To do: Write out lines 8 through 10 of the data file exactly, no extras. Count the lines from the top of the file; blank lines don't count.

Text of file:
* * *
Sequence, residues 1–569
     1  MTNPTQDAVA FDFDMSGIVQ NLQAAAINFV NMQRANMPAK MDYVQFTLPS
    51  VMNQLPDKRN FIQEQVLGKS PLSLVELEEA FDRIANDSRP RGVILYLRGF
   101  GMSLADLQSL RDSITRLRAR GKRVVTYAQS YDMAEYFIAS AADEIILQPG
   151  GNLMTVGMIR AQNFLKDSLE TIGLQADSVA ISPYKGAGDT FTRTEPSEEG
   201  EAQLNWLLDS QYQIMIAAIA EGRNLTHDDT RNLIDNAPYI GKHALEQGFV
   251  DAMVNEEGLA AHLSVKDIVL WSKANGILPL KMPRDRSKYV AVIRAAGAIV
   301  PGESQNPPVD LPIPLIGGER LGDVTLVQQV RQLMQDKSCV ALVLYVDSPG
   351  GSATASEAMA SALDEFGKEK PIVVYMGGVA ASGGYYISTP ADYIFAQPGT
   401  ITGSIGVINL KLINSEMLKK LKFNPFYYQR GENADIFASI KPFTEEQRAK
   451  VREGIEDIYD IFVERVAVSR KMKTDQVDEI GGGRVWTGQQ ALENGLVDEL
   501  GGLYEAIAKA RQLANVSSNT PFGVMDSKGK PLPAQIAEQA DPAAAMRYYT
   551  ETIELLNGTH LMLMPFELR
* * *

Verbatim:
   301  PGESQNPPVD LPIPLIGGER LGDVTLVQQV RQLMQDKSCV ALVLYVDSPG
   351  GSATASEAMA SALDEFGKEK PIVVYMGGVA ASGGYYISTP ADYIFAQPGT
   401  ITGSIGVINL KLINSEMLKK LKFNPFYYQR GENADIFASI KPFTEEQRAK